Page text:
# Re: pole pig chart (fwd)

```

---------- Forwarded message ----------
Date: Fri, 24 Apr 1998 10:52:03 -0700
From: Eric Davidson <edavidson-at-icva.gov>
To: Tesla List <tesla-at-pupman-dot-com>
Subject: Re: pole pig chart (fwd)

Jeff,

The kVA rating of a distribution transformer (pole pig) is a measure of
the total volt-amperes the transformer can supply on a continuous basis
(100% duty cycle).  Since many factors can effect the load current, its
doubtful you would find a chart. Distribution transformers are not the
same as NSTs or other constant current transformers. That is, a 10 kVA
pole pig will not current limit a 10 kVA, it will keep supplying current
until an over current device opens or the unit self destructs.  The
maximum short circuit current can be determined from the percent
impedance spec on the units tag.  You can easily determine the draw on
either side of the transformer using Ohms law (for unity power factor
i.e. resistive loads) and the ratio of transformation (be sure to take
the tap setting into consideration). On pole mounted, small kVA
transformers the tap changer is inside the can, it is usually labeled a
thru d, for 12.47, 13.2, 13.8, 14.4 kV. An example: if you had a 13,800
ohm resistive load (maybe several Calrod electric stove elements in
series) across a pole pig tapped for 13.8 kV, it would deliver 1 ampere
to the load and draw 13.8 kW (plus core and copper losses which may add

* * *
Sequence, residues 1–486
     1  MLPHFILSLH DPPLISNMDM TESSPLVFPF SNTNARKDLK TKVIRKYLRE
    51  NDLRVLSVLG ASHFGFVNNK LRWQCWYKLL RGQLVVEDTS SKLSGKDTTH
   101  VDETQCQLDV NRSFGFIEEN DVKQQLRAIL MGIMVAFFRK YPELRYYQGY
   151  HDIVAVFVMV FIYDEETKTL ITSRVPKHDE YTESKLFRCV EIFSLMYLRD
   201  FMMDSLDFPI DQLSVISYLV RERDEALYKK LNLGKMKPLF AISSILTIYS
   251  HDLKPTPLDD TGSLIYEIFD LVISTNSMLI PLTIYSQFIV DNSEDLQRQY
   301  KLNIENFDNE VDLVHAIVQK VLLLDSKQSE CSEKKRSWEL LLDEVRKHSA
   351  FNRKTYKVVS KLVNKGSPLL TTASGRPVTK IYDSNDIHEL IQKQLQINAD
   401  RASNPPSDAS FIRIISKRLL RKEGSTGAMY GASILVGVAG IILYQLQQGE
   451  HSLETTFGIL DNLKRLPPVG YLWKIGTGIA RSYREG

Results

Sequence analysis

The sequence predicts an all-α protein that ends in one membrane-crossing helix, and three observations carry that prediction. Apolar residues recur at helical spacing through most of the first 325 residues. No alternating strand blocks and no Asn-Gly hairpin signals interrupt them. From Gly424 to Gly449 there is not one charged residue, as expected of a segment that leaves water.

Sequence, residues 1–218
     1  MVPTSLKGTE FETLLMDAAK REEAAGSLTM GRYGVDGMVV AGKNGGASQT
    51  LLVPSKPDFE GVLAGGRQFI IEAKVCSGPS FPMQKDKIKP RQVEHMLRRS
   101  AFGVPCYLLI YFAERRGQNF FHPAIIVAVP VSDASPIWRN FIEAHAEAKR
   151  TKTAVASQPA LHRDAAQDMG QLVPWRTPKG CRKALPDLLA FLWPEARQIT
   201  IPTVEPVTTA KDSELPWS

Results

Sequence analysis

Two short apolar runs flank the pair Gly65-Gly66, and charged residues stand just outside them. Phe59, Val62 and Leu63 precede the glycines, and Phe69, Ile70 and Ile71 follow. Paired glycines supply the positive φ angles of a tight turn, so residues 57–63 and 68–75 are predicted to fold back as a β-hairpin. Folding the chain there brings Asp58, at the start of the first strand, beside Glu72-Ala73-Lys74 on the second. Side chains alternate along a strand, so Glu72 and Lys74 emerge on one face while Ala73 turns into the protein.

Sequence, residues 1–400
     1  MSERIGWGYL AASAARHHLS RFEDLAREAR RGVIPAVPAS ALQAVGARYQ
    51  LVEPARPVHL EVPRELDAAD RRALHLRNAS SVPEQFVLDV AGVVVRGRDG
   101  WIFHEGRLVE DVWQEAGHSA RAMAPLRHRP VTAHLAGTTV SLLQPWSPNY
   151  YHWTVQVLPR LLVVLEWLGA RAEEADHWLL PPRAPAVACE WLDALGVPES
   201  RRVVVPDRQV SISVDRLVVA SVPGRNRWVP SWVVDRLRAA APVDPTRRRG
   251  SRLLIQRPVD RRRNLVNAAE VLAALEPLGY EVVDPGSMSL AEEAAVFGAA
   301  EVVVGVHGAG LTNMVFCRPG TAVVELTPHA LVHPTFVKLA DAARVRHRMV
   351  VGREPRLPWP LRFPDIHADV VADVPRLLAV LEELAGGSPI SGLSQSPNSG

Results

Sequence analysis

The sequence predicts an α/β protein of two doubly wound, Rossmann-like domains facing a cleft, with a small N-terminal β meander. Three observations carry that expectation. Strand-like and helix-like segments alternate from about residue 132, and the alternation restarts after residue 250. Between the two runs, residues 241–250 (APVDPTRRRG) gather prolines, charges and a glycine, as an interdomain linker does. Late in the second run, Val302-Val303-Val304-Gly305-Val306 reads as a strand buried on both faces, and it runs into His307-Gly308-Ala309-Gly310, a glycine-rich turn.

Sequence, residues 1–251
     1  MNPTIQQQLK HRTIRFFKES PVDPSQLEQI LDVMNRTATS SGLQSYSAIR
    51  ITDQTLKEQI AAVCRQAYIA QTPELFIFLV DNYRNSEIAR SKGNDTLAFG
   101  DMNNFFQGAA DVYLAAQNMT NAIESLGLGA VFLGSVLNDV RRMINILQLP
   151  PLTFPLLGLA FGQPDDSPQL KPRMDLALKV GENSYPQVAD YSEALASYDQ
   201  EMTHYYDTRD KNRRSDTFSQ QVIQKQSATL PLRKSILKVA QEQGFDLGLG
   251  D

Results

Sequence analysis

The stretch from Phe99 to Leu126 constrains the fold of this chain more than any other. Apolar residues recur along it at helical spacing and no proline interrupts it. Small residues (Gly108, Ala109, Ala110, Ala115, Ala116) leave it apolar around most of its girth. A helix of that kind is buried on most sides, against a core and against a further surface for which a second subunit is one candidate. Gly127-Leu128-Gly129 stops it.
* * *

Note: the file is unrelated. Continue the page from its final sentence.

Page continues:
a couple hundred watts). The line draw would be 13,800 W/240 V = 57.5
amperes. A 10 kVA pole pig could probably supply this load all day long.
The load presented to the transformer by a Tesla coil is quite complex,
with capacitive and inductive components, definitely not a unity power
factor load.  It would be very difficult to determine the load on the
transformer and what it would draw from the 240 volt input.  My advice
is to wire the pig with 6 AWG wire and use a 60 ampere circuit breaker.
Assume that the maximum current draw would be roughly equal to an
electric stove/oven with all of the burners and the broiler on. You will
definitely want to use some inductive ballast to limit the current. Im
sure you already know this but be VERY careful with a pole pig. If you
get yourself across the HV bushings of an energized pig the best you can
hope for is deep burns, but will most likely be electrocuted. Its
nothing like the 'grab onto a spark plug wire' type shock you get from a
NST. Hope this helps!

Eric Davidson
edavidson-at-icva.gov

> ---------- Forwarded message ----------
> Date: Thu, 23 Apr 1998 23:39:57 -0500
> From: Jeff Corr <corr-at-enid-dot-com>
> To: tesla list <tesla-at-pupman-dot-com>
> Subject: pole pig chart
>
> I am just curious...
> does anyone have a chart showing the relationships
> between kVA of the pig, with the current it pulls on
> the 220 side if it has an output of 13.8kv or 14.4kv for
> Tesla Coil use, ex :
>
> size |  120 | 220 | output current
> -------------------------------------------------
> 1kVA |  12a|  6A  | 14.4kv at 120ma
> 2kVA | ??  |  ??? ??????????????????
> ....
> ...
> ...
> 15kVA
>
> Obviously these probably aren't the right
> values, I'm just using this as an example...
> Thanks...
>
> Jeff Corr
> 2114 Monitor
> Enid, OK 73703
> http://www.harvestcomm-dot-net/personal/corr/

```